It does. I am absolutely convinced that India will always and only strike its own course.
Don't you think the U.S.-India relationship is ripe for misunderstanding?
India and the U.S. don't see eye-to-eye on everything. At the U.N., for example, India is not seen as a very good partner. We don't have a good voting coincidence rate.
The two do see eye-to-eye on some things. The security relationship has been very strong. There's also long been collaboration on science and technology and I see cooperation on climate change and clean technology as an outgrowth of that.
I think what happens for a lot of Americans, they think about the world's largest democracy — a country we've got a great relationship with, that is continuing to grow and strengthen — and people just naturally think that we must be in the process of forming an alliance with India. But that's not what India is interested in.
I don't think India ever wants to be a formal U.S. ally because it sees alliance relationships as too constraining.
This new relationship that's burgeoned over the past decade or so between the two countries – last year the U.S. even renamed the Asia-Pacific as the Indo-Pacific, a nod to India's increasingly important role in the region – how much of it is driven by fear of a rising China?
I think a lot of [the two countries'] security thinking is driven by China's increasing assertiveness. We've seen that particularly with the island-building and militarization in the South China Sea and questions over freedom of navigation. I think India also has seen what's been happening in terms of China's ambitious Belt and Road project, and its increased influence across South Asia, as a real developing concern. So I think China is an important component.
But there's other ways of thinking about U.S.-India ties. One is regarding economic growth, India as a major market and the rise of Indian companies and their interests in the U.S. You've seen trade volumes increase, even though we've got a whole lot of trade differences.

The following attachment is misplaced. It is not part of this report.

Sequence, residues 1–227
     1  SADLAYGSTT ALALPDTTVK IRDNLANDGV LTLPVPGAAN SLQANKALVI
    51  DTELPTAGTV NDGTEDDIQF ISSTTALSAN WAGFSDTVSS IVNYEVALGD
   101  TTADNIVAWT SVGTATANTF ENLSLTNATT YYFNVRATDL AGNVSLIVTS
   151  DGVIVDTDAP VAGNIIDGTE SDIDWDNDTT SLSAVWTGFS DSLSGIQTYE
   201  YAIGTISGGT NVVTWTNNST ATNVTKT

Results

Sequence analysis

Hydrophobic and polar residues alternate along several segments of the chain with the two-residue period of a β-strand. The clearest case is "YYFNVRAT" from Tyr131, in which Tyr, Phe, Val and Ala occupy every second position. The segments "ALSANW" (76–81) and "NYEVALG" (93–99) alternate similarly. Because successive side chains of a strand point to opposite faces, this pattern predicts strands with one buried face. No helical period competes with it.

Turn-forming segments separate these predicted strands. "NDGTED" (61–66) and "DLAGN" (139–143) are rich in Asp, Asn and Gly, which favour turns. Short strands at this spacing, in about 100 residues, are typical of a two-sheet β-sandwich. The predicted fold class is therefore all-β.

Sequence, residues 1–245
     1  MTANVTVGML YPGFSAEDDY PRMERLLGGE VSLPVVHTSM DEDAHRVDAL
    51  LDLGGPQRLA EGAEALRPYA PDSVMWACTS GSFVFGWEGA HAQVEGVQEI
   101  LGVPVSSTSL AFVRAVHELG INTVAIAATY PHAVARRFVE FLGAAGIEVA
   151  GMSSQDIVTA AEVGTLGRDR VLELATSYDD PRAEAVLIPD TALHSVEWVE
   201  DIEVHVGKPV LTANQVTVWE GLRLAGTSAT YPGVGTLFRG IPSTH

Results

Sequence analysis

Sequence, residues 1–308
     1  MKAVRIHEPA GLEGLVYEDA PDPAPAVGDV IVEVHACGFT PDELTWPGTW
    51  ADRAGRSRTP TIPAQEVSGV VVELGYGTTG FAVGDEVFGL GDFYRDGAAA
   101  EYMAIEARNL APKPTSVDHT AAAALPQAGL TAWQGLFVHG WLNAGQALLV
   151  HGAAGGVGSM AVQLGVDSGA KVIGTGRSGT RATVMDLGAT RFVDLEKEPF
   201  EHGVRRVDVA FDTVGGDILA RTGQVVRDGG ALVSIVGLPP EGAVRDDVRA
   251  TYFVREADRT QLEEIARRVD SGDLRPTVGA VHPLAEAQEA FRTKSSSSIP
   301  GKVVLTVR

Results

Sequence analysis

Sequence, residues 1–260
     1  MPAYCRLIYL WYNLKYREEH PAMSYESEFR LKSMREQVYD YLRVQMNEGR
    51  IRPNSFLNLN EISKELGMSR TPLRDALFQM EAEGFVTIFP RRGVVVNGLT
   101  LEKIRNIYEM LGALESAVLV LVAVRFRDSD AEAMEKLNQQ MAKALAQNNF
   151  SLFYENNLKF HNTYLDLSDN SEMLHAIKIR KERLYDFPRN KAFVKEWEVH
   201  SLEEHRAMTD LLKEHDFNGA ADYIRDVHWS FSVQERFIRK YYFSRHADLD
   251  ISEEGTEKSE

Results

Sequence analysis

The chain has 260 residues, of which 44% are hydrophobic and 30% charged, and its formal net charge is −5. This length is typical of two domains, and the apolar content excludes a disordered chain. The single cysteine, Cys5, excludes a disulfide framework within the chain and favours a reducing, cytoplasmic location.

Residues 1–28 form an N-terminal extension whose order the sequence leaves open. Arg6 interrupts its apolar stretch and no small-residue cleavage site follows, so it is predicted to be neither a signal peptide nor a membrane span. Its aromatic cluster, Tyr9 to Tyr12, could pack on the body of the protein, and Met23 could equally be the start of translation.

Also, there are few solutions to be found on issues like climate change or "freedom of navigation," without India playing a major role simply because of its size.
There are many massive problems — poverty, unemployment, education, infrastructure — in India. Why are Indians latched onto this idea that India should have a greater role in the world when their own house is so messy?
India's role on the world stage has always been pretty interesting. You could go back to India's first Prime Minister Jawaharlal Nehru, when arguably India faced far greater domestic challenges. He too saw India as a country that was destined to have some sort of global leadership. Back then, he saw India exercising its moral authority and wanted to mediate between North and South Korea.
So I am very sympathetic to the view that today, when India is one of the world's largest economies, its largest democracy, has one of the world's largest militaries and military budget — why doesn't it have a permanent seat at the U.N. Security Council? When you look at who's on that, the world is very different than it was in the middle of the 20th century.
I also don't think India needs to choose whether it becomes more active diplomatically and demand a greater role in the world or focus on trying to create policies that will lift more people out of poverty. I think these can both be done at the same time.
Nishant Dahiya (@nprnishant) is NPR's Asia editor.